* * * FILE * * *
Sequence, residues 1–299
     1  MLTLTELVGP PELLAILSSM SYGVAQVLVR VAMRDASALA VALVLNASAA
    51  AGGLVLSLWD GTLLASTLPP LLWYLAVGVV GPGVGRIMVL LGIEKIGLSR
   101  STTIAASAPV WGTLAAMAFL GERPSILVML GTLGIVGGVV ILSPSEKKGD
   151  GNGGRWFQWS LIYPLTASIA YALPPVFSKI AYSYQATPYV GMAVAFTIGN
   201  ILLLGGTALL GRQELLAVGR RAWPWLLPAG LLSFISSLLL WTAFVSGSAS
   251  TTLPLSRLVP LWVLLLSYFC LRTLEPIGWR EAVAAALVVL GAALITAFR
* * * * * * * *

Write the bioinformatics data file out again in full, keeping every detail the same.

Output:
Sequence, residues 1–299
     1  MLTLTELVGP PELLAILSSM SYGVAQVLVR VAMRDASALA VALVLNASAA
    51  AGGLVLSLWD GTLLASTLPP LLWYLAVGVV GPGVGRIMVL LGIEKIGLSR
   101  STTIAASAPV WGTLAAMAFL GERPSILVML GTLGIVGGVV ILSPSEKKGD
   151  GNGGRWFQWS LIYPLTASIA YALPPVFSKI AYSYQATPYV GMAVAFTIGN
   201  ILLLGGTALL GRQELLAVGR RAWPWLLPAG LLSFISSLLL WTAFVSGSAS
   251  TTLPLSRLVP LWVLLLSYFC LRTLEPIGWR EAVAAALVVL GAALITAFR